NSW National Parks and Wildlife Service has just announced a ‘zero extinctions’ target and a detailed plan to prevent any of the 800 threatened species in NSW National Parks from dying out.
Why do we need a zero extinction target?
Straight up, Australia has the worst rate of mammal extinction in the world (eeeek). 70 flora and fauna species have been lost from NSW alone including 25 mammals.
But! NSW National Parks and Wildlife Service’s (NPWS) new zero extinctions target is the first of its kind in the country, and one of the first in the world. Woohoo!
Around 800 of the 900 threatened species found in NSW lie within national parks bounds, so the NPWS has a pretty big responsibility when it comes to looking after our precious flora and fauna, especially when it’s at risk of a bunch of threats like climate change, feral animals, invasive weeds, and changed fire regimes.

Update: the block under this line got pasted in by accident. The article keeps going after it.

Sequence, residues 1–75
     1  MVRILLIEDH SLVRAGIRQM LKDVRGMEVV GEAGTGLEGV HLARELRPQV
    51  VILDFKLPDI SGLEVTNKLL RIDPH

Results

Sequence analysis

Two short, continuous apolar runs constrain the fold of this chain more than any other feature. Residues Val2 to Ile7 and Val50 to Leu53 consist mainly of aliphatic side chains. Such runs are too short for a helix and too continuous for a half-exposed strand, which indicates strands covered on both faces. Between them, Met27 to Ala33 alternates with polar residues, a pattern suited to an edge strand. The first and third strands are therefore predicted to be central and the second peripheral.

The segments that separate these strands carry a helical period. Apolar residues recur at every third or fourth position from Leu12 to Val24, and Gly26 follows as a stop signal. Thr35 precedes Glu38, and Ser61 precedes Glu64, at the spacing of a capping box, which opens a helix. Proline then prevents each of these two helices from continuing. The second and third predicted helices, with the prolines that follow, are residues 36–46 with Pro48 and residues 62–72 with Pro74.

The NPWS’ main aim is to improve, or at least stabilise, the trajectory of threatened species in the parks by June 2030.
How will they do that?
The zero extinctions plan will address the issue of threatened species on a number of fronts, including;
- acquiring land with key habitats to add to the national park estate
- creating a network of areas free of feral predators to support the reintroduction of 25 species that are locally extinct
- the biggest feral animal control program in national park history
- creating a dedicated unit to consider threatened species in new fire plans
- declaring and managing the habitat of important threatened species as Assets of Intergenerational Significance
221 of the Assets of Intergenerational Significance have already been announced, including Wentworth Falls, the Nightcap Range in Northern NSW, plus areas in Kanangra-Boyd National Park, Kosciuszko National Park, and the Warrumbungles.
NPWS will work in partnership with Aboriginal communities to roll out the plan and will be keeping annual tabs on its progress, so keep an eye out for improvements! (Fingers crossed).
Photo thanks to NSW NPWS